I realize the EVO 840 uses 19nm TLC vs. the 40nm TLC for the EVO 850 and therefore the EVO 850 should be more robust in terms of these voltage fluctuations, but I'm wondering if we're going to see the same issues down the road with the 850 EVO's as well? It took a year or more for the issue to crop up on the EVO 840? I was looking to buy one and now I'm thinking the extra money (and peace of mind) for the MLC in the 850 Pro might be worth it. Reply
  • chucky2 - Friday, February 20, 2015 - link

    A tool that the user is going to have to run, or a cron job the tool itself will run (and thus needing the tool to be installed), is not an acceptable solution. They need to: 1.) actually fix the issue permanently, or 2.) exchange these drives for an equal or better performing drive that does not have the issue, or 3.) offer full refunds. Nothing less is acceptable IMO. Reply
  • Hulk - Friday, February 20, 2015 - link

    I agree.

    It's starting to look like the drive are degrading faster than expected or in a different manner than expected and they are scrambling to "band aid" the drives to get them out of the warranty period. If this goes on too long could they be looking at a class action?
    Reply
  • chucky2 - Friday, February 20, 2015 - link

    I'd add this to Samsung: OCZ took a beating on their SSD rep for a long time (it still exists)...don't go down that road in the community... Reply
  • mapesdhs - Wednesday, February 25, 2015 - link

    OTOH, if all those who spewed OCZ hate for so long don't react to Samsung in the same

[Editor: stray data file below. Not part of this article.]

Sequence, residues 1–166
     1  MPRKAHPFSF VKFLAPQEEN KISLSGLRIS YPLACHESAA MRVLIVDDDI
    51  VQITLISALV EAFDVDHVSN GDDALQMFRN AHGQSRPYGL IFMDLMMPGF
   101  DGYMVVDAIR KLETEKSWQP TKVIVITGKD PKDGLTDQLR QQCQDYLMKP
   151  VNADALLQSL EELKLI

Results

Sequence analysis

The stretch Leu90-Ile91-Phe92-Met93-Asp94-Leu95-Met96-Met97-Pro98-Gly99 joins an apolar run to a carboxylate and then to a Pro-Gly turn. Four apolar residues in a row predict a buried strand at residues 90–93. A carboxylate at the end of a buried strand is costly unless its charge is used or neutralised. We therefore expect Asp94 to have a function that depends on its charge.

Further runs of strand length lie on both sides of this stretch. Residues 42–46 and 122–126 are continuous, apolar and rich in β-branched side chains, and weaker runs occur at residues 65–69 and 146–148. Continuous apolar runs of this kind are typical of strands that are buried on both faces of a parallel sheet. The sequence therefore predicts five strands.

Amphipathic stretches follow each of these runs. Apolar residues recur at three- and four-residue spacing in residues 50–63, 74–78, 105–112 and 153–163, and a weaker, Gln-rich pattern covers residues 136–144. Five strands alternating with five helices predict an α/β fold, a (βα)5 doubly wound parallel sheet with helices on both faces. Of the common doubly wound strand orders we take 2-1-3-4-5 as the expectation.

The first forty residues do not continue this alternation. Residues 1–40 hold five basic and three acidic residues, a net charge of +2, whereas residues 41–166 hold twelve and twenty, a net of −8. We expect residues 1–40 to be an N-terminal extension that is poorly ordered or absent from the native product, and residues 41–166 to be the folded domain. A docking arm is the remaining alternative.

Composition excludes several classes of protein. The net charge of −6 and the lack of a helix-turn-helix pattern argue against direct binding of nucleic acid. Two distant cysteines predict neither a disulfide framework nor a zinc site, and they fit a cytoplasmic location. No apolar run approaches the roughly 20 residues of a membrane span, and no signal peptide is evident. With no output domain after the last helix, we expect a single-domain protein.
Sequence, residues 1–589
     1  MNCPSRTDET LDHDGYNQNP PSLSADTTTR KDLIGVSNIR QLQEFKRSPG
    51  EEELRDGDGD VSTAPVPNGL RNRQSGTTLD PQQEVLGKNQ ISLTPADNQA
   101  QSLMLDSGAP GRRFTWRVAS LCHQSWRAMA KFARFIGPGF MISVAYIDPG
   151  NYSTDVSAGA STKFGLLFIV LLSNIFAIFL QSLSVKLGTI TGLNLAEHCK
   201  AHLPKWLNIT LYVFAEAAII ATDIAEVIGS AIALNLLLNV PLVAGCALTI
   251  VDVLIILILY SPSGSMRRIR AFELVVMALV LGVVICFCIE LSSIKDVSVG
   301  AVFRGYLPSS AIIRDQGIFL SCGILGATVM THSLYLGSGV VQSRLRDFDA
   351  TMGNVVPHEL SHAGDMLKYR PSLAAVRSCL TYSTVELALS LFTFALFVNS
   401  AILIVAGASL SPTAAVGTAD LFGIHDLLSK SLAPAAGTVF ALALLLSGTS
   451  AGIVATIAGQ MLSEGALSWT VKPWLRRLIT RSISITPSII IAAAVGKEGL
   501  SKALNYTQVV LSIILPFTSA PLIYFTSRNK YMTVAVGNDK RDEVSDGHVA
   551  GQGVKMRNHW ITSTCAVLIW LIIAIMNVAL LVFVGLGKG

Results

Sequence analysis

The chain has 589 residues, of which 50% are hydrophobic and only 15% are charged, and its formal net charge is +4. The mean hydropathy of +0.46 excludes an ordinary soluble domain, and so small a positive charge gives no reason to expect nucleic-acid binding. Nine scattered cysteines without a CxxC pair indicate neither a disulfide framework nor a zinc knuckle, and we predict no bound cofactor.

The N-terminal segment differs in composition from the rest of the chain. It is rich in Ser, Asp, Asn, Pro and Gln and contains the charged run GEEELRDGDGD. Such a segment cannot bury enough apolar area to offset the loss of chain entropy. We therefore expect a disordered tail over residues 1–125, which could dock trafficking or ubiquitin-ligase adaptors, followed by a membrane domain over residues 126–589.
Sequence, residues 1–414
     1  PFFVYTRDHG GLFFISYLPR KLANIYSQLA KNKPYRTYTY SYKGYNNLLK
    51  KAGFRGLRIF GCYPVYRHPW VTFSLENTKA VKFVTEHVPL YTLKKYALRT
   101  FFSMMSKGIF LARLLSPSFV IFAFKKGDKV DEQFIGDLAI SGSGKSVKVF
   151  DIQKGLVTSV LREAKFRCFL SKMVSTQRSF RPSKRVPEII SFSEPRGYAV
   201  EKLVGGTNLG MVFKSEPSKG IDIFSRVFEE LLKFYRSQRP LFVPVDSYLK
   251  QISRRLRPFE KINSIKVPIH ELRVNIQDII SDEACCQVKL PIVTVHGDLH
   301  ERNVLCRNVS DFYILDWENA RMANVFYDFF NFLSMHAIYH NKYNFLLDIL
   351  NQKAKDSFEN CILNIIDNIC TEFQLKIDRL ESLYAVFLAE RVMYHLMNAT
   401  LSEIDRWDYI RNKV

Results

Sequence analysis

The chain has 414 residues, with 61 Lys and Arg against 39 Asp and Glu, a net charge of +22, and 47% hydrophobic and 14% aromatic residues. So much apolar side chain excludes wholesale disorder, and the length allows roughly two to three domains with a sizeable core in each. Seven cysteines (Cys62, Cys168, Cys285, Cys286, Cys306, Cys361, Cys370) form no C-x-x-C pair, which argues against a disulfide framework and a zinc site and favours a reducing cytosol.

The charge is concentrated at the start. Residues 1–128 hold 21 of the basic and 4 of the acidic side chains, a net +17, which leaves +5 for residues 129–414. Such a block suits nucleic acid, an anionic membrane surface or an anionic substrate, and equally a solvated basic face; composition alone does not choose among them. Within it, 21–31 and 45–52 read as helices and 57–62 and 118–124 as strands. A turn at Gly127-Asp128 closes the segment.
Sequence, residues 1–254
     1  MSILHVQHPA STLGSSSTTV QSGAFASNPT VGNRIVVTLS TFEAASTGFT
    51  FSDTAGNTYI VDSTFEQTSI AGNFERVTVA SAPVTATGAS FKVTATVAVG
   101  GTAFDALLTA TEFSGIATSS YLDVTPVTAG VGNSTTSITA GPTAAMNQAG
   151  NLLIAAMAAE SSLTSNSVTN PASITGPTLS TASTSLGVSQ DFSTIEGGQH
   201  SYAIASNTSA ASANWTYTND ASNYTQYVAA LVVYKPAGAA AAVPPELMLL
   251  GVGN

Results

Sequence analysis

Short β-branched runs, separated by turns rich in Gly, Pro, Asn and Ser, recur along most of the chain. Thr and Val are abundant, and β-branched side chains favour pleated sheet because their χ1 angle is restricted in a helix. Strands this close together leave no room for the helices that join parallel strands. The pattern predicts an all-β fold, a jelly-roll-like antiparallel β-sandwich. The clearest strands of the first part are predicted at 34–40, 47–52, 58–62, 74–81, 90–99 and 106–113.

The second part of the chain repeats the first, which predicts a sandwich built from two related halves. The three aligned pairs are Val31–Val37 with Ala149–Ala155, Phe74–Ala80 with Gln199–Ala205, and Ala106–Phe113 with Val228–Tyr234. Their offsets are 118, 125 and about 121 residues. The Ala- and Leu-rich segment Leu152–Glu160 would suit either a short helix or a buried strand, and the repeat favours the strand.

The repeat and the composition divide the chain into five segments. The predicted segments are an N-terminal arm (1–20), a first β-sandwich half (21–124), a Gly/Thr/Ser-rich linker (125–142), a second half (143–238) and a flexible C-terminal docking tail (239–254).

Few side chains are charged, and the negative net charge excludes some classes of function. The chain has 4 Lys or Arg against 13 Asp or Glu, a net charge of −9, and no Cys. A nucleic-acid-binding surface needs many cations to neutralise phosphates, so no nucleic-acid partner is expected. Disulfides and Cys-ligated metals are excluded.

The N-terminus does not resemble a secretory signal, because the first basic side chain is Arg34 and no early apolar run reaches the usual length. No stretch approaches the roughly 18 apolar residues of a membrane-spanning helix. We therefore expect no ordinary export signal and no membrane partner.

way if the problems persist, then that would be pretty weird. Haters should at least be
    consistent. :D

    Ian.

    PS. I have more than 40 OCZ SSDs, never had a problem with any of them. Have
    a bunch of Samsung models aswell, various others; the only one that went whacko
    was a SanDisk Extreme II which briefly stopped being recognised after a fw update
    attempt (eventually righted itself for reasons unknown, though btw, SanDisk were
    happy to send a replacement even though I made it clear I bought it used, so
    creds to them for that; they added it to their support setup too).

    Not bought an EVO so far, just seemed like the prices were too high IMO. Have
    many 830s, 840s, 840 Pro and 850 Pro though.

    Ian.
    Reply
  • nirolf - Monday, February 23, 2015 - link

    I agree too.

    I'd say the title is misleading, it seems that they're not working on a new firmware to fix the issue, they're just working on a work-around. That's really bad news and it probably says that the problem is kind of "unfix-able" (hardware level).
    Reply
  • nirolf - Monday, February 23, 2015 - link

    For the record, I have 2 of these (one 120 GB and one 240GB 840EVO) that both had the new firmware since day one and their performance is already sub-par (lots of ~100 MB/s zones) after 2 month of use. I trusted the "fix" and got screwed. I'll avoid Samsung for a long time for this. Reply
  • sheh - Friday, February 20, 2015 - link

    Would it be possible to get real information from Samsung on the data retention specs of this and other drives? Reply
  • sheh - Friday, February 20, 2015 - link

    I don't mean the JEDEC mandated specs, but more details. For example, stuff like retention-vs-P/E graphs. Reply